What My Kids Taught Me When My Dad Died

Gaffer2

My father died in December.

He had spent the last several years very unwell, and my mother spent a lot of her time taking care of him. That is a difficult situation for any family, but it is even more difficult when the person you are caring for continuously makes choices that contribute to their bad health. And so, although he was a loved man, the result was a team of fairly frustrated family members.

My biggest frustration was trying to understand why he didn’t make choices that would allow him to be involved more fully in the lives of his grandchildren. He adored each and every one of them. Every morning he asked my mother which of his grandbabies was going to visit that day.

He had frequent visits from his collection of loving grandkids, who called him The Gaffer. Kids would disappear into his man cave and they’d have the place trashed instantly – toys everywhere, cushions off the couches and the TV channel changed to their station. Every visit was a kid invasion into The Gaffer’s space. Interestingly, he was not at all bothered by the noise or chaos. He was never impatient with them and he certainly never snapped at any child. Visits ended with hugs, kisses and “I love you’s”.

I felt that relationship wasn’t good enough because he didn’t actually DO anything with my children. His illness made it so he couldn’t – that pesky illness that didn’t really have to be there. My dad never read to the children, and certainly never played a board game or did a puzzle with them. He didn’t take them out for walks or do any of the other things I see active grandparents doing with their grandchildren. It made me sad that he was missing out. And, so were my kids.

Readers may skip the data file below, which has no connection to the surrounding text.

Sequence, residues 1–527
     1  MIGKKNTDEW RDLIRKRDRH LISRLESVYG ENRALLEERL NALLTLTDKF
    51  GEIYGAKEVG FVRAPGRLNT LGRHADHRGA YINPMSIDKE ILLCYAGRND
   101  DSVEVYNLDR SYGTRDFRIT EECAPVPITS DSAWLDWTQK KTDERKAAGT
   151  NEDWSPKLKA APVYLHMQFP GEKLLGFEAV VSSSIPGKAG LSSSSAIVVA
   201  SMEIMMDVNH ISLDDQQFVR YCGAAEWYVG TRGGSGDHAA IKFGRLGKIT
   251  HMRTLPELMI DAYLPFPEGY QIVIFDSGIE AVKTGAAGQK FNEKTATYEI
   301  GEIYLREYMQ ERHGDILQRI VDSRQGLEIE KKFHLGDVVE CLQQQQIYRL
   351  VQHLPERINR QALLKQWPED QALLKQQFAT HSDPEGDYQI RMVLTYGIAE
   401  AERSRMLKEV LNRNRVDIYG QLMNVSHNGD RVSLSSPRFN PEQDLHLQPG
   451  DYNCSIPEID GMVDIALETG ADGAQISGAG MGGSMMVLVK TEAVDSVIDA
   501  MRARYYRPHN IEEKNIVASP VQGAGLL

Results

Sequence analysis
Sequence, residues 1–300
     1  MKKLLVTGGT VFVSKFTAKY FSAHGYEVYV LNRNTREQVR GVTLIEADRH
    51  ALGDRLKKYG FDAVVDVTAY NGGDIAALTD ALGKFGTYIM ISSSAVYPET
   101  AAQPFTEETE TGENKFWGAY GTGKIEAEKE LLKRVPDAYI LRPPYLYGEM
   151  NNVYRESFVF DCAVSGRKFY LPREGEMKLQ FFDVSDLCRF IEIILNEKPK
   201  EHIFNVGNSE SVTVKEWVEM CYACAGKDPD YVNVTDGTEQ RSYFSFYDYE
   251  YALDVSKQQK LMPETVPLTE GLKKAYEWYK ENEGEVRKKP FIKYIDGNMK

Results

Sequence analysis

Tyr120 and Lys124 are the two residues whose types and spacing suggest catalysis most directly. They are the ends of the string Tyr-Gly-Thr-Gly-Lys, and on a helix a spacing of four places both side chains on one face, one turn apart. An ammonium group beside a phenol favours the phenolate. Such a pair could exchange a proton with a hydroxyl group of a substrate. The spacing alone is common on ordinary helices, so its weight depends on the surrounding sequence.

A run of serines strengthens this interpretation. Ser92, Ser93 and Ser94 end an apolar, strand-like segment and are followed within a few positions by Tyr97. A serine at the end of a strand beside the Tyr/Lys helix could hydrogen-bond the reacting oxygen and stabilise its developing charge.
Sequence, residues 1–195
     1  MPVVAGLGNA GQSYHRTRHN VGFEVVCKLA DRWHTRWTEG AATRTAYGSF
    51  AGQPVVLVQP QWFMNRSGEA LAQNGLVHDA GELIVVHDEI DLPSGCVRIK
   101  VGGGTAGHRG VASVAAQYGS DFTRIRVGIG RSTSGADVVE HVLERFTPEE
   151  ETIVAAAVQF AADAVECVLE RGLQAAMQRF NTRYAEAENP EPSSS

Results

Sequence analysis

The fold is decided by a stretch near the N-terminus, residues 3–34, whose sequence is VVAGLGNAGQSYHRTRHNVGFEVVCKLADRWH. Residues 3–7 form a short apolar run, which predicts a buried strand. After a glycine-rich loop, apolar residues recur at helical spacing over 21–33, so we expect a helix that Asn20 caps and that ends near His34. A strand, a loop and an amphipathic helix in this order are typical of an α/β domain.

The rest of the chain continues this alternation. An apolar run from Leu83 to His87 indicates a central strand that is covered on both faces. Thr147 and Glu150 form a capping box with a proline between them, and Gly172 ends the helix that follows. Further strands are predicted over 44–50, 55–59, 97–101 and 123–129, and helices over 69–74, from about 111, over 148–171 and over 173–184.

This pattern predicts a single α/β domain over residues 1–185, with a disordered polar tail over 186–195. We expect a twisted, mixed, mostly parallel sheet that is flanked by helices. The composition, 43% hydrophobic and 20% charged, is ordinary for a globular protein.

Apparently, I was wrong. A couple of weeks after his death, my 9-year-old daughter emerged from her bedroom at midnight to share a drawing of him. Included in the illustration were several messages and statements – one for each day since he had died. The most striking message to me was “I loved EVERYTHING about you”.

All that time I thought he wasn’t DOING anything with his grandchildren, he was very actively doing the thing that was most important to them. He was loving them.

And it was all they needed.

Julie Cole

Author: Julie Cole

Julie Cole is the co-founding vice-president of award-winning children’s label manufacturer Mabel’s Labels. She has helped her company bring their product to a worldwide market, gain media recognition and win countless entrepreneur awards. Cole is a regular television contributor, an influential and syndicated blogger and a mother of six. Follow her on twitter @juliecole and Instagram @cole.julie

33 thoughts

  1. Absolutely beautiful Julie. Its the little things to our kids that make the biggest impact on them. And he clearly did all that he did to make them feel loved.

    1. Thx Melissa – it is amazing the stuff they come out with. The thought of posy sitting there for hours with her sketch pad thinking about The Gaffer…..sniff!

  2. That’s absolutely beautiful. It’s always amazing to me how differently children and their parents see the grandparents. I still remember how perfect mine were in so many ways, and those very perfections were the wrongs my parents would complain about…so interesting. I’m so sorry for your loss, but I absolutely love the post…